What are you working on at the moment?

I am working on some paintings, for a friend, of his house and his dogs, for the art portion of the question. In my poetry writing I continue my Installment Plan Poetry Marathon sessions, in which I spend a scheduled time every week focusing on writing poetry. I am also working on returning to running and my goal is five miles straight – I am making good progress. Maybe in the fall I’ll get there.

What is your ambition?

To take care of my house and those in it, do art, do poetry, exercise, and visit friends. That’s it.

If you could change one thing in the world, what would it be?

That chocolate cake would have very few calories and in fact be necessary to maintaining health.

Which six people would you invite to your boating party?

This one I can’t answer, because I don’t want to make choices and hurt anyone’s feelings. Maybe I’d make a list and draw names? Here’s a sign-up sheet…

What would be on the menu?

Chocolate cake. I guess you knew that!

What question would you have liked me to have asked?

I’d loved to have told you about how much I enjoyed working in the cafeteria in college, something people can’t believe, but it is true – and so you would ask me – what did I learn there that I could have learned nowhere else – and I would say, A lot of things, but one tangible skill I have as a result is that I know how to cut a pie into 9 equal pieces.

Thank you Claudia.

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Claudia McGill

Biography

I am a self-taught artist. I came to art later in life. Because of these things, making art for me is not a separate compartment in my life but a thread that runs through everything that I do.

Currently I concentrate on painting in acrylics, but I also spend time working in collage/mixed media as well as doing some hand-built clay, mostly tiles and sculptures. I got my start in fiber art, making pictorial appliqued wall hangings.

Here is a synopsis of some of my activities.

Fiber Art: I did many craft projects when I was growing up, and I learned to knit and sew clothing. I turned to appliqué quilting as a hobby in my thirties, eventually developing a style that used machine sewing to interpret my ideas as collages in fabric.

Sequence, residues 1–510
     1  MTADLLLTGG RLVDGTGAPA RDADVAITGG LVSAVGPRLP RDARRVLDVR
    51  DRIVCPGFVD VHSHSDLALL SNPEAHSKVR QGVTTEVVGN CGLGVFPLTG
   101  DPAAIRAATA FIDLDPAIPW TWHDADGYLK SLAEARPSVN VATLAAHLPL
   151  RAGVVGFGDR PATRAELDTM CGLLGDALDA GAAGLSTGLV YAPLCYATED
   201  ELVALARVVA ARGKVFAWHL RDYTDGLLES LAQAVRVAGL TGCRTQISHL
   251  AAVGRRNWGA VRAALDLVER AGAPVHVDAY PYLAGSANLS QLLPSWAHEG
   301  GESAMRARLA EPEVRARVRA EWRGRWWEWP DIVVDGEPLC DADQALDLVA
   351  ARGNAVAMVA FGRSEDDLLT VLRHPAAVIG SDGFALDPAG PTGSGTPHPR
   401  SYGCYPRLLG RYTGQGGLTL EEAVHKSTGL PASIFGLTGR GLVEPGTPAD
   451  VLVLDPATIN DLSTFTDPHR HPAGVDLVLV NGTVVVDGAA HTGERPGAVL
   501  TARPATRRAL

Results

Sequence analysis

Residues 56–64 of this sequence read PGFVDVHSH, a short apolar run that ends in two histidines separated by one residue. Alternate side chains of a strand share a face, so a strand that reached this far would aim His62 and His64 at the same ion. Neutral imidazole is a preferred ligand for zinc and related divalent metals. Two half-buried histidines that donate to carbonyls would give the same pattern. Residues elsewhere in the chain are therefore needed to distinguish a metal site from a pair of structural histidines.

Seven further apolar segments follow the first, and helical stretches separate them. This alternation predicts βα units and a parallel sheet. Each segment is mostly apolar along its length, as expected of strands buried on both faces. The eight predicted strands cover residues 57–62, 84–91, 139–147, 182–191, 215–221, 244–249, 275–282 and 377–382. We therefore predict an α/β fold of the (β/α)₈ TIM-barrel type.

Collage/Mixed Media: After some years, I wanted to spend more time on composition and less on sewing. I began to experiment with collage, seeing similarities in the artistic process with my fabric work. In the beginning, I created pieces that were usually based on photos I’d taken of landscapes, city scenes, objects, or other images of this sort. I then interpreted them in collage using papers I’d painted myself with acrylic paints.

As time went on my work grew more abstract. I became more interested in portraying feelings, emotions, memories, or imaginings rather than representing scenes. I began to use found papers and materials in addition to my own painted papers and started incorporating painting (in acrylics) as part of the compositions. As well as creating art intended to be hung on the wall, I made and still do make postcards, artist trading cards, embellished art books, etc.

Acrylic Painting: My painting work was an outgrowth of my mixed media art, which familiarized me with acrylics. Painting is now my main artistic activity. My works are inspired by the world I see around me but my intent is not to represent it. Instead, I pick out what appeals to me, set these pieces together as I think they might like to be placed, and concentrate on how it all fits together, color and shape.

Other work: I have done hand-built clay for some time, changing styles as my interests change, but focusing on sculptures and tiles. I’ve recently begun spending more time sketching with pen and ink; I enjoy the focus and observation that go into this activity. I also write poetry and have self-published a number of books.

In all my activities, I work with a sense of purpose and hope mixed together. Making art is very important to me as it is the way I work out answers to questions and guide myself through everyday life.

web site: www.claudiamcgill.com
art blog, featuring current work: https://claudiamcgillart.wordpress.com
poetry blog: https://claudiamcgill.wordpress.com/

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The Boating Party – with Tone von Krogh


Luncheon of the Boating Party, 1881. By Pierre-Auguste Renoir.

The Boating Party is a series of interviews with writers, artists, photographers, filmmakers, musicians, sculptors, designers and the like.

In times of economic hardship the Arts are usually the first things to be axed. But, in my view, the Arts are the most important aspect of our civilisation. Without the arts, we wouldn’t have language or the written word. Without the arts, we have no culture. Without culture, we have no society. Without society, we have no civilisation. And without civilisation, we have anarchy. Which, in itself, is paradoxical, because so many people view artists as rebels to society.

To me, artists aren’t rebels, they are pioneers.

And perhaps, most importantly; without the Arts, where’s the creativity that will solve the world’s problems? Including economic and scientific ones?

This week, I’m delighted to welcome ceramic artist, Tone von Krogh.

Tone on the wheel

What’s your greatest personal or career achievement?

In some ways I feel I’ve not reached the point of my journey where I’m counting my achievements. However,  being able to do what I love on a daily basis is my highest achievement as much as work in constant progress.

What’s been your greatest sacrifice?

I don’t think I have made many sacrifices. I moved to a new country to follow my love for ceramics and dream to take it further. I found another love which meant I settled here. At times it is hard to live far away from close family, but I have my own little one now…